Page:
Swiss Wine Regions

Ticino Wine Region: Switzerland’s Home of Merlot

bellinzona ticino vinyard

Welcome to Ticino, Switzerland’s sunny, Italian-speaking home of Merlot. Although the climate in Ticino ultimately proved to be ideal for Merlot, it wasn’t until 1906 that this venerable grape found its way there from Bordeaux.

With well-sited vineyards and the highest density of quality wine makers in Switzerland, Ticino wines have no problem holding their own on an international level. The Merlot del Ticino can vary from relatively light to as full-bodied as a traditional Bordeaux.

Originally part of the Duchy of Milan and fully part of Italy for a while, Ticino wasn’t incorporated into the Swiss Confederation until the 15th Century. Although under Swiss sovereignty, not much effort was made to integrate Ticino into the Swiss Confederation before 1803. Today Ticino’s Italian culture still remains firmly in hand.

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The Wine Grapes of Switzerland

Chardonnay

A vigorous and adaptable vine from Burgundy, Chardonnay grows pretty much everywhere that wine is made. Although production is not so high in Switzerland, award-winning wines have come out of Geneva, Valais and Neuchâtel.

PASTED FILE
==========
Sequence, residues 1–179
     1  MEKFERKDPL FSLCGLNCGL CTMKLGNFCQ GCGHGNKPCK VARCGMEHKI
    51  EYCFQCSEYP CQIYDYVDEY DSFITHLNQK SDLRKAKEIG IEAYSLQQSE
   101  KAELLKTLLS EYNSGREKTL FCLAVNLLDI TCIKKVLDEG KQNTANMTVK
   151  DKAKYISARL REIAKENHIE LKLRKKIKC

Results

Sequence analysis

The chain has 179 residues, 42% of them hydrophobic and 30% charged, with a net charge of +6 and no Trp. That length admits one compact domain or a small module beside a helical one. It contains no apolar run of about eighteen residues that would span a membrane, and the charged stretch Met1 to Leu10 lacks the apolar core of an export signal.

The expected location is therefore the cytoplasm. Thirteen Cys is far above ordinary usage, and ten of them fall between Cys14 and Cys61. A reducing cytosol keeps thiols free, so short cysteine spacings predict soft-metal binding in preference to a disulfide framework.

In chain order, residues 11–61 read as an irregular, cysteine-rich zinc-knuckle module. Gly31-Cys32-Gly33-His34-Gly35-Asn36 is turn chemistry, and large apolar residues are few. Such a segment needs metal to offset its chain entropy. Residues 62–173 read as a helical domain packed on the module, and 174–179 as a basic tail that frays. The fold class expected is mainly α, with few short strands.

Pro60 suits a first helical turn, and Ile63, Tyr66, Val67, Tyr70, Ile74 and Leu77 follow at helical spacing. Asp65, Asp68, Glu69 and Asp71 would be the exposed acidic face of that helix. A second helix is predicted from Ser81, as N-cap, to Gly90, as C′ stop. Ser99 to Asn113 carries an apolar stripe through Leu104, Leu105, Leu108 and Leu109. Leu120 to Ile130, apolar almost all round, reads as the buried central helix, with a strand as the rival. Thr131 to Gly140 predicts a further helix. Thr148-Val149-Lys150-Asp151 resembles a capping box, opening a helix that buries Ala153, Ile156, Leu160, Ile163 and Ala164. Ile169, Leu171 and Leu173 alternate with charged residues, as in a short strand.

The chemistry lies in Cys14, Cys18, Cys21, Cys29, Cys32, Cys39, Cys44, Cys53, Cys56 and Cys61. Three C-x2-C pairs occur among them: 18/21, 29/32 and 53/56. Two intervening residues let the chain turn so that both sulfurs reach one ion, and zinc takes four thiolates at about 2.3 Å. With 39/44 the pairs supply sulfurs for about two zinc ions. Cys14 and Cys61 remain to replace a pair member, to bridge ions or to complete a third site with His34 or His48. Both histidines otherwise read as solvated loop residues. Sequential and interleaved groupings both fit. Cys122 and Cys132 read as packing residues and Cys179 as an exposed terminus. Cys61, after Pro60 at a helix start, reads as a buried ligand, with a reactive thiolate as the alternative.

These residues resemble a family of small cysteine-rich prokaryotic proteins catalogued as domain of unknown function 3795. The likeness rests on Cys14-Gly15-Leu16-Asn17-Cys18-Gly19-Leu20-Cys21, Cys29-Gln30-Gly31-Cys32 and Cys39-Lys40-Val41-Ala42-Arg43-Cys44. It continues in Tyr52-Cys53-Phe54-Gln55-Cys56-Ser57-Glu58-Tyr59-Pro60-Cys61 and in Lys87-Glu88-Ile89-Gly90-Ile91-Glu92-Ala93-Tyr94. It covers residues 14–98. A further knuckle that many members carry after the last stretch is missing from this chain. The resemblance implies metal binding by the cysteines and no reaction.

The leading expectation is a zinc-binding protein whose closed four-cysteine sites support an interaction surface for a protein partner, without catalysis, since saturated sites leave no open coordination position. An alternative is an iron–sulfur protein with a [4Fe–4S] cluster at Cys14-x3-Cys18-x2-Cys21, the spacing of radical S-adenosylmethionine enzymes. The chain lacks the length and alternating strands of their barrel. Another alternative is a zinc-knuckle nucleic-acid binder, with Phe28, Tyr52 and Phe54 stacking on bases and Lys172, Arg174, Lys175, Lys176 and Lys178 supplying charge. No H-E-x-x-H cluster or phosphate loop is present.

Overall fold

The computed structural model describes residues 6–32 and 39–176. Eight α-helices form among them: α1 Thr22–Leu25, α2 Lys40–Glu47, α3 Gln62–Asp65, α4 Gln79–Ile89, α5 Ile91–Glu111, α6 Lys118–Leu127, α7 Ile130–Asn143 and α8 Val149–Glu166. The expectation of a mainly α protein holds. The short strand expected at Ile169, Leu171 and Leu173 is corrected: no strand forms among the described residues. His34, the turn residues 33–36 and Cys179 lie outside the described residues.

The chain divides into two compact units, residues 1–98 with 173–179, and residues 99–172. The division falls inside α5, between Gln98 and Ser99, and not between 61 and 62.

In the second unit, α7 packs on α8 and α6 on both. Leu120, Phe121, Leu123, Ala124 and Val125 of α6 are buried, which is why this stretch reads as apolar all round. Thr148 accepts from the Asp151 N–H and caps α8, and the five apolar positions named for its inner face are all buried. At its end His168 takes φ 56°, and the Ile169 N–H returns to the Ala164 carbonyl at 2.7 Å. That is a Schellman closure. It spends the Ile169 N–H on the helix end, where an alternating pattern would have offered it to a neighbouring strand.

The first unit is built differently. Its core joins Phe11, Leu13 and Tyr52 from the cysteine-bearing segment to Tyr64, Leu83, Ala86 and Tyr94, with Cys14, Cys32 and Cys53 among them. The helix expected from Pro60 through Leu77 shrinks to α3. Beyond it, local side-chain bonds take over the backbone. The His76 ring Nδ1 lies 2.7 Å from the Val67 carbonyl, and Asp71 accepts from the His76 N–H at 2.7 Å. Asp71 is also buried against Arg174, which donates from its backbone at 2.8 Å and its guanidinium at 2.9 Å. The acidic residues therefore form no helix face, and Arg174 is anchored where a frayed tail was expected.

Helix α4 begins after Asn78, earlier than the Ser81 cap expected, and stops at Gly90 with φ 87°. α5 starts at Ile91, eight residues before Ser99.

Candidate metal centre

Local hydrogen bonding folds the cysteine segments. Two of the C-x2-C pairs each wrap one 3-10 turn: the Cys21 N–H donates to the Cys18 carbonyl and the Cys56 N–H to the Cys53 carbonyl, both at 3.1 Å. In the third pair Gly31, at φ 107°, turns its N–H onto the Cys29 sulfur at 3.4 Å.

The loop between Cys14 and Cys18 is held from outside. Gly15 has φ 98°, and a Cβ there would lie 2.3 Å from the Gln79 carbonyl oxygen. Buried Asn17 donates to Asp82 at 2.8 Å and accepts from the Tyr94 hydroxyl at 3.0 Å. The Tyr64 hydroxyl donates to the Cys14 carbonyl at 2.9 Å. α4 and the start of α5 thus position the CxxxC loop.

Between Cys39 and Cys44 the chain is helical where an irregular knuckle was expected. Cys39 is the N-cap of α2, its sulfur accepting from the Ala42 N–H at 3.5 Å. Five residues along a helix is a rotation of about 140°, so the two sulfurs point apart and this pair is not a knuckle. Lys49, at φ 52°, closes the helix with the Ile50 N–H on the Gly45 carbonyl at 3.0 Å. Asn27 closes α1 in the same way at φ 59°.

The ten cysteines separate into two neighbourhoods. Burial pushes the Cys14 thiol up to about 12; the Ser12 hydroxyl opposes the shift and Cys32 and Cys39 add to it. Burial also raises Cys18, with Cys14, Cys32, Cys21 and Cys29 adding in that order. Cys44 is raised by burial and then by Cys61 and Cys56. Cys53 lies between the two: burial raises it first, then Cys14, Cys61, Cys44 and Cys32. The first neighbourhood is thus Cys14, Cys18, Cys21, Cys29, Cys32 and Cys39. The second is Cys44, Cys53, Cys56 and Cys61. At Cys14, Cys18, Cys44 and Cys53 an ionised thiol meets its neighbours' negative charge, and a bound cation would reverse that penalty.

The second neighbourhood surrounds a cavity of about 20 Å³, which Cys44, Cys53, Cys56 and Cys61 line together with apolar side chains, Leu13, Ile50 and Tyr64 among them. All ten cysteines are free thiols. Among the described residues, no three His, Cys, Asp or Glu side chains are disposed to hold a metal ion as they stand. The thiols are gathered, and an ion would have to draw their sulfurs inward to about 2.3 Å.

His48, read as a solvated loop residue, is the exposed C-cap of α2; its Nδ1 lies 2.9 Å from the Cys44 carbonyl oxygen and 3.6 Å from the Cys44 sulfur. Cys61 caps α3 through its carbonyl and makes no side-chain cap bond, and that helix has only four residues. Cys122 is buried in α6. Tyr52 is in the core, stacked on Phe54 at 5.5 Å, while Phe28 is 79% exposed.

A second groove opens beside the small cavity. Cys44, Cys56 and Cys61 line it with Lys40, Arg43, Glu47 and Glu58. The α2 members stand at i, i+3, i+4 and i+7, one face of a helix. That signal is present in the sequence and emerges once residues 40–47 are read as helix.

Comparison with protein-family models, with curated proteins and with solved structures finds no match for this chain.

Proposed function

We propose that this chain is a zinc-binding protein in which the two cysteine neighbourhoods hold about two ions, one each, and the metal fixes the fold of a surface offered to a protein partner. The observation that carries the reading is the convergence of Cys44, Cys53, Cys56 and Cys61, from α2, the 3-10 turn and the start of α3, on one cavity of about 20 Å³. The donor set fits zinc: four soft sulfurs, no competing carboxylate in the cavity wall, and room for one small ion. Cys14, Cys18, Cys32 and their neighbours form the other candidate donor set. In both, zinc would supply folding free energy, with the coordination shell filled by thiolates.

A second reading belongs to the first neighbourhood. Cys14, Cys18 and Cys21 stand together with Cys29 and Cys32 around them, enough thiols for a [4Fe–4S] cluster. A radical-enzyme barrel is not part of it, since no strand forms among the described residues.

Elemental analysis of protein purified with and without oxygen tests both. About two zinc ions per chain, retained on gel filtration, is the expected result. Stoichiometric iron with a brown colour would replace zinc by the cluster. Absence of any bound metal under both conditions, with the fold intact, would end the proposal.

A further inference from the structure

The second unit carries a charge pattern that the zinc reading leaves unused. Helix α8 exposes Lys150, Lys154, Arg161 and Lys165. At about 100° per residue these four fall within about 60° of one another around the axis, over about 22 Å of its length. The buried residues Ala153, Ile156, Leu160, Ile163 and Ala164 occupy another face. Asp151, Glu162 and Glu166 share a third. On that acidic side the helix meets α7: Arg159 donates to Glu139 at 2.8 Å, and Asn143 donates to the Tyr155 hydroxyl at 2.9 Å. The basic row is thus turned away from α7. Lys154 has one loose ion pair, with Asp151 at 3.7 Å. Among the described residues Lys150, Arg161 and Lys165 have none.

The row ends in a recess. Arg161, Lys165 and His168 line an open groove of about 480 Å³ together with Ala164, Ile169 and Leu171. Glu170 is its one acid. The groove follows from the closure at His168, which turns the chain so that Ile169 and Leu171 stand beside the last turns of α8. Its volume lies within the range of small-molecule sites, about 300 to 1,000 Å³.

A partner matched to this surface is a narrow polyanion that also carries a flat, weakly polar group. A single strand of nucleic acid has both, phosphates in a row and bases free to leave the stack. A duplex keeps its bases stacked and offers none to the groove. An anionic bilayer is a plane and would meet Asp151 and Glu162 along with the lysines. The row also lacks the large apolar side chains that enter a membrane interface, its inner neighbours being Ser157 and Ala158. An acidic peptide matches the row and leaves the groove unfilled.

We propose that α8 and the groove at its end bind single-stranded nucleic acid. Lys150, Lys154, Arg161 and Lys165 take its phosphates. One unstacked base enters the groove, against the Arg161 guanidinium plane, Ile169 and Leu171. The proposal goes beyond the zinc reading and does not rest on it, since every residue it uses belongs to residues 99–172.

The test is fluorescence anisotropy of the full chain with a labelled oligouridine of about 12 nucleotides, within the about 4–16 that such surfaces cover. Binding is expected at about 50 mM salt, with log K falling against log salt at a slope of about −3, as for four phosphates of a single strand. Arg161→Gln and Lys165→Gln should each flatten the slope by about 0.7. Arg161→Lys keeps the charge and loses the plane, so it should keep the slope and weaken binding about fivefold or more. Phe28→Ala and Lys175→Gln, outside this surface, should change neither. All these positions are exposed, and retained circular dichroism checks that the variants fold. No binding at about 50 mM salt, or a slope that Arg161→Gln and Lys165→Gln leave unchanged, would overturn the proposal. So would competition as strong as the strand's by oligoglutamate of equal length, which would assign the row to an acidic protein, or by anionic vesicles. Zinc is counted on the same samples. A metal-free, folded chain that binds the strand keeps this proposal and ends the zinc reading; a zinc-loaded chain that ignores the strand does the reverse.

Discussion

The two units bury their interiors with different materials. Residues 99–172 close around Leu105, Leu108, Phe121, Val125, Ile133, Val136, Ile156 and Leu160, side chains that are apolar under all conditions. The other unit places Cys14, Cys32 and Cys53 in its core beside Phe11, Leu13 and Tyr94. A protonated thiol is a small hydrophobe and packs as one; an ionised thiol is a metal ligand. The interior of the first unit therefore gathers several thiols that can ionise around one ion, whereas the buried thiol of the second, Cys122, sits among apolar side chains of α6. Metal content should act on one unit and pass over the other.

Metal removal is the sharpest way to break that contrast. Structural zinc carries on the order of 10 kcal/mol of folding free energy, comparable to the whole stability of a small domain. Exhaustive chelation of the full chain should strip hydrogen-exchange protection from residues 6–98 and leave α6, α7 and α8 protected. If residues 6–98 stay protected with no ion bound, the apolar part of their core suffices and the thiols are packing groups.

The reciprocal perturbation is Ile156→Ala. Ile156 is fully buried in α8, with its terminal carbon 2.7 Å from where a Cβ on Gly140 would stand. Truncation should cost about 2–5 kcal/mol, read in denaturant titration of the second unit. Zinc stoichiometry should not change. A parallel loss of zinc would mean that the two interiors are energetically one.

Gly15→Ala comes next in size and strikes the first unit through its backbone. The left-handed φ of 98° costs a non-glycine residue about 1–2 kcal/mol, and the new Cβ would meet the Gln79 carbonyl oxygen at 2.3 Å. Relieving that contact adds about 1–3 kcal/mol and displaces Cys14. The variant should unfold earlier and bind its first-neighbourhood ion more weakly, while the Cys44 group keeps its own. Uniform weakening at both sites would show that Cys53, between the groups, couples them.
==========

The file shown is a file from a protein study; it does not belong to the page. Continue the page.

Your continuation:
Kerner

Named after local poet and physician, Justinus Kerner, the Kerner grape was hybridized in 1929 in Lauffen in the Württemberg region. A hybrid of the white Riesling and the red Trollinger (Schiava grossa), it resembles the Riesling in character. It is being vinified in limited quantities in Valais, but its future in Valais dosen’t look too bright. It continues to do well in Germany, and on a smaller basis in Austria and Italy.

Mondeuse

An old red grape variety well known in neighboring Savoie, Mondeuse is a rarity found in scattered plots in Chablais (Vaud).

New loves and old wine, give a man these and he never refines.

Francis Beeding

Swiss Alps, cows, wine bottle and large clock face in Bern, Switzerland

Fine Swiss Wine

Discover Switzerland’s odd grapes, small producers, and eclectic tastes